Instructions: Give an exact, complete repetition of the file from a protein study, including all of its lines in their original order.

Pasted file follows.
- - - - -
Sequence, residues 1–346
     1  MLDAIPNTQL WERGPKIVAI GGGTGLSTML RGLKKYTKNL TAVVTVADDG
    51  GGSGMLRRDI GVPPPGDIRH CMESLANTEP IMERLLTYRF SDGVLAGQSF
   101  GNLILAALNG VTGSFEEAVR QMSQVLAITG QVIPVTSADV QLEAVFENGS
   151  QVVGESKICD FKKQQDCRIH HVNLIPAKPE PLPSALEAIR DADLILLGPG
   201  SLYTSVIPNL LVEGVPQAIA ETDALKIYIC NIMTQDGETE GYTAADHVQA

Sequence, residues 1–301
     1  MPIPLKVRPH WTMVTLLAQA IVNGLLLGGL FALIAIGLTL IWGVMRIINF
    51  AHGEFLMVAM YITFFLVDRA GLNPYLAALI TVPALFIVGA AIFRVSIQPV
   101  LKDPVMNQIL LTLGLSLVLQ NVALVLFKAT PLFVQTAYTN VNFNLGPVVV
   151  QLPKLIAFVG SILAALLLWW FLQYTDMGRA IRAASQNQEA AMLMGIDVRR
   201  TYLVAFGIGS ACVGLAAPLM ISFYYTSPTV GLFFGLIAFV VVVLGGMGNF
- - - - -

Sequence, residues 1–346
     1  MLDAIPNTQL WERGPKIVAI GGGTGLSTML RGLKKYTKNL TAVVTVADDG
    51  GGSGMLRRDI GVPPPGDIRH CMESLANTEP IMERLLTYRF SDGVLAGQSF
   101  GNLILAALNG VTGSFEEAVR QMSQVLAITG QVIPVTSADV QLEAVFENGS
   151  QVVGESKICD FKKQQDCRIH HVNLIPAKPE PLPSALEAIR DADLILLGPG
   201  SLYTSVIPNL LVEGVPQAIA ETDALKIYIC NIMTQDGETE GYTAADHVQA

Sequence, residues 1–301
     1  MPIPLKVRPH WTMVTLLAQA IVNGLLLGGL FALIAIGLTL IWGVMRIINF
    51  AHGEFLMVAM YITFFLVDRA GLNPYLAALI TVPALFIVGA AIFRVSIQPV
   101  LKDPVMNQIL LTLGLSLVLQ NVALVLFKAT PLFVQTAYTN VNFNLGPVVV
   151  QLPKLIAFVG SILAALLLWW FLQYTDMGRA IRAASQNQEA AMLMGIDVRR
   201  TYLVAFGIGS ACVGLAAPLM ISFYYTSPTV GLFFGLIAFV VVVLGGMGNF